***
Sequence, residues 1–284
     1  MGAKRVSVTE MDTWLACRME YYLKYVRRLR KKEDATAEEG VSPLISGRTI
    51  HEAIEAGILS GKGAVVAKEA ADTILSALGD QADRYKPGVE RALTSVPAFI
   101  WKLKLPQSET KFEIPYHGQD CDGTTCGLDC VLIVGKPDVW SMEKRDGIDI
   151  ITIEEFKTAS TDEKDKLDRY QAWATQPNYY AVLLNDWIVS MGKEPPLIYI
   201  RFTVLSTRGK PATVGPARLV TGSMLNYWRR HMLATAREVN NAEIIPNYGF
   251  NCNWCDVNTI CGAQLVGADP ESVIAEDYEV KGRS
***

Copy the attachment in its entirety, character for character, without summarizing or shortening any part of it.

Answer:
Sequence, residues 1–284
     1  MGAKRVSVTE MDTWLACRME YYLKYVRRLR KKEDATAEEG VSPLISGRTI
    51  HEAIEAGILS GKGAVVAKEA ADTILSALGD QADRYKPGVE RALTSVPAFI
   101  WKLKLPQSET KFEIPYHGQD CDGTTCGLDC VLIVGKPDVW SMEKRDGIDI
   151  ITIEEFKTAS TDEKDKLDRY QAWATQPNYY AVLLNDWIVS MGKEPPLIYI
   201  RFTVLSTRGK PATVGPARLV TGSMLNYWRR HMLATAREVN NAEIIPNYGF
   251  NCNWCDVNTI CGAQLVGADP ESVIAEDYEV KGRS